He's been really quick and strong, but I expected that, having raced against him in World Series by Renault in 2005. He was really quick then, and he won the Atlantic title last year. And he's run on all the tracks we run on, so it was sort of expected of him to be pretty quick. Of course, starting with a new car helps, and being in a team with a really good car helps too, in as far as being able to get in and learn what you have to learn. Last year, when I was a rookie, we were having to sort the Lola out in the early part of the season. That was pretty tough, not really knowing the car or knowing what it needed to go quick.

Q:
How much extra pressure did starting the season with three races in three weeks put on Team Australia?

WP:
It was tough because you had a brand new car, which no-one has really done a full race distance on before, and they had the refuelling rig problem, although that was pretty much fixed for Long Beach. My biggest worry was reliability, but our guys did a really good job of going through absolutely every aspect of the car before the races, working out what was going to break and getting on top of it before it did. That was the biggest concern of everyone, and also that you only had a week between races so, if you had a major problem, you couldn't really do much about it. For us, the reliability was really good - we finished all three races with no problem.

Q:
You're going from three street courses to the first of the road courses, in Portland, for the next race, but where does your preference lie? Are you slowly becoming converted to the street courses that Champ Car runs?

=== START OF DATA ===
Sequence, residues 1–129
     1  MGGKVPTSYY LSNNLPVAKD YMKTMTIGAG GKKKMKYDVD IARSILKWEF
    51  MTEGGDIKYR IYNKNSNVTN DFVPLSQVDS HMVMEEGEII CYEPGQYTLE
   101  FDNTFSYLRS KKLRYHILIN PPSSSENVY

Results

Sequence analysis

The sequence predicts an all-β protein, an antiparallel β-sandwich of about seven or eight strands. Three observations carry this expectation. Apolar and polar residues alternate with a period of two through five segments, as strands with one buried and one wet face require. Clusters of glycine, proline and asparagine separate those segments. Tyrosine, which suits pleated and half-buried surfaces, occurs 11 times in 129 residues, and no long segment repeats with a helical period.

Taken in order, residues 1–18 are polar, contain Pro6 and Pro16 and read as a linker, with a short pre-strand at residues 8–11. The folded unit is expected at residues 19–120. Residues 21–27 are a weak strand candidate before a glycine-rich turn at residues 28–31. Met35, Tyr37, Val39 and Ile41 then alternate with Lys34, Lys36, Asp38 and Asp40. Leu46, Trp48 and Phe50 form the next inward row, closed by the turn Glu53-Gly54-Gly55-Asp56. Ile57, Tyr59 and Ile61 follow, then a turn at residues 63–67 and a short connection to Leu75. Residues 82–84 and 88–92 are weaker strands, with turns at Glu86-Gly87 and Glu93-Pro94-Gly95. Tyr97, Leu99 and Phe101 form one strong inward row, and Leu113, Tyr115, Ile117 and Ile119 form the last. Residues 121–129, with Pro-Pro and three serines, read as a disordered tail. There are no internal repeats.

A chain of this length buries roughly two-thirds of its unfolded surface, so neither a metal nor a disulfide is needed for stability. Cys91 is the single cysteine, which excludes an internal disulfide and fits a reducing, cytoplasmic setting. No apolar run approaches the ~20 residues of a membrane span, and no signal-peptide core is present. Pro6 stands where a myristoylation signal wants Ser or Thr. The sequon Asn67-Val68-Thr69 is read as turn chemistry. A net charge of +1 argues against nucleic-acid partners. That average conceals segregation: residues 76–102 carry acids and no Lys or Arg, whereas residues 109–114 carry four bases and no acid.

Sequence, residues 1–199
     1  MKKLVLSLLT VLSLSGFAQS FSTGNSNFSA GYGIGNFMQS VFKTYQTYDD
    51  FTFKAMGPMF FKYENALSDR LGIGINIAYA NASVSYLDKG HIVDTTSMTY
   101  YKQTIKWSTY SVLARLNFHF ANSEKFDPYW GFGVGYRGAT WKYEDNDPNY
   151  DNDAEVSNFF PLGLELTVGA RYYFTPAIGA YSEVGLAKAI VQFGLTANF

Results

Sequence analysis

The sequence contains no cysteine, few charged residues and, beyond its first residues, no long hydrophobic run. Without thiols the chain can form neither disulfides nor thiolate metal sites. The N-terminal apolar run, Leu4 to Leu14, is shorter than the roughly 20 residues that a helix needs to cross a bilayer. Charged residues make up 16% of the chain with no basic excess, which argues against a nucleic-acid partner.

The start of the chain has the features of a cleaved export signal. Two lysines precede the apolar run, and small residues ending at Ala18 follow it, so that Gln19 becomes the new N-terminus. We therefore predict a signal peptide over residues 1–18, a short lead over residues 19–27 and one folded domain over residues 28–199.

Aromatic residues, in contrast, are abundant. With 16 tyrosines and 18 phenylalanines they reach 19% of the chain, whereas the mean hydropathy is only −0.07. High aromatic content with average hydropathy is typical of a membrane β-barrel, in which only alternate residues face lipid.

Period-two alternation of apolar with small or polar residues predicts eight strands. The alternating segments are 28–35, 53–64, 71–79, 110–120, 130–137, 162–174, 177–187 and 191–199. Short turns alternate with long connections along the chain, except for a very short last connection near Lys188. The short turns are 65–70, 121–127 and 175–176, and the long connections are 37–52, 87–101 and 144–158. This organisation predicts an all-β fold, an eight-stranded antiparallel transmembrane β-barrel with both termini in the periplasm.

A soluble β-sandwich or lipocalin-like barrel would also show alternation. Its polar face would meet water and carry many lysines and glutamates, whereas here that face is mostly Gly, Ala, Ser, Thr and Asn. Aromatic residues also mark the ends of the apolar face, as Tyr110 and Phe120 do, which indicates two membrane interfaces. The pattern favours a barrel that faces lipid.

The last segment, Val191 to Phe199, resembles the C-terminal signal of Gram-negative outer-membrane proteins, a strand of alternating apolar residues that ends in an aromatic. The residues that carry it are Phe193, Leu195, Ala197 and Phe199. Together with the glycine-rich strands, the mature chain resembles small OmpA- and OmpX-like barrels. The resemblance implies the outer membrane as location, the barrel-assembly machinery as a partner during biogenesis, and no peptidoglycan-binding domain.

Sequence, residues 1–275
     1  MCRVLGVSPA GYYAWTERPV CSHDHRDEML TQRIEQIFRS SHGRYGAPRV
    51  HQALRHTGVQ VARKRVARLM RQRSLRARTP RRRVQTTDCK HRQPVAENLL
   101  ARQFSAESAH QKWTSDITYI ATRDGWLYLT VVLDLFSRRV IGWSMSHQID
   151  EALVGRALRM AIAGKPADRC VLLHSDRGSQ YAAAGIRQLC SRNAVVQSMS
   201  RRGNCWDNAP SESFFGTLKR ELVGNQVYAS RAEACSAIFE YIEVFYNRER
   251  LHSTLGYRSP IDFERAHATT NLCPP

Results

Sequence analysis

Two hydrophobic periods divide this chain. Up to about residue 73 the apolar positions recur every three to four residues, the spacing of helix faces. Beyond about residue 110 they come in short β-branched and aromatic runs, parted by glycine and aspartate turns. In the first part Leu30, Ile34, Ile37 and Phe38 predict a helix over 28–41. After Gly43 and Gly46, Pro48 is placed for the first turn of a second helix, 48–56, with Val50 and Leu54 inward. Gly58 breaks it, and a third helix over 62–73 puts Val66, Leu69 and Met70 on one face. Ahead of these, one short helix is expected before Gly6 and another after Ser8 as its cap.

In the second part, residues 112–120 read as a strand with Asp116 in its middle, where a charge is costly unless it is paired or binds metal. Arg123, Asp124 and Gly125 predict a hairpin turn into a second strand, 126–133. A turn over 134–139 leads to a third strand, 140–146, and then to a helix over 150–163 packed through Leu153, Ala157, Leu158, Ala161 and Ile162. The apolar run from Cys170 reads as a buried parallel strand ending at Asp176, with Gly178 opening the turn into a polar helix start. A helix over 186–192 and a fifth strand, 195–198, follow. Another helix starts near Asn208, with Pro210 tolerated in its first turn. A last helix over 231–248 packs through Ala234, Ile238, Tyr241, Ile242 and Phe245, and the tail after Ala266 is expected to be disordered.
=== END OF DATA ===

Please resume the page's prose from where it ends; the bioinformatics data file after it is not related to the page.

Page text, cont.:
WP:
I'm enjoying it all, I must say. I'm really taking a liking to street courses now that I've learned how to be quick around them. But having raced in England, in British F3, and then in the World Series by Renault in Europe, I think I'm really strong on road circuits, and the next few circuits we're doing are very much more like European circuits which suit me and my driving style - and should suit the car as well. This new car is really good on smooth, fast circuits.

Q:
The first three rounds have been pretty much about you and Sebastien Bourdais. How much to do you read into this rivalry that is being made out between the two of you, and do you see yourself as Paul Tracy's successor as Sebastien's nemesis?

WP:
It's going to be interesting! We haven't had a fair fight yet - not even at Surfers' last year, where we made it to the first pit-stop and I came out in the lead only for him to knock me off before we could have any real battle. Then, at Long Beach, I got stuck behind Alex Tagliani when it was another race where we could have had a pretty good fight. In Houston, I just had a bad race, so I'm looking forward to a race where it's just him and I, where we both have good cars and can go for it. I think it'll be a good race, but we haven't had that yet.

Q:
Champ Car has been established in Australia for quite some time, but do you think your performance - particularly if you have a good season this year - will encourage more Australians to look towards Champ Car as an alternative?

WP:
To be honest, in Australia, I think it is tough to crack into any open-wheel racing because of V8 Supercars. Just about every young guy in Formula Ford, or the other junior categories, is looking towards V8s. You've probably only got one good young guy going overseas this year - John Martin, who's doing British F3 - so there's not many of them looking at open-wheelers. I think the success that we've had early this year and late last year has sparked a lot interest in Australia as far as the fans and the media go, and that has really helped the race that we have on the Gold Coast.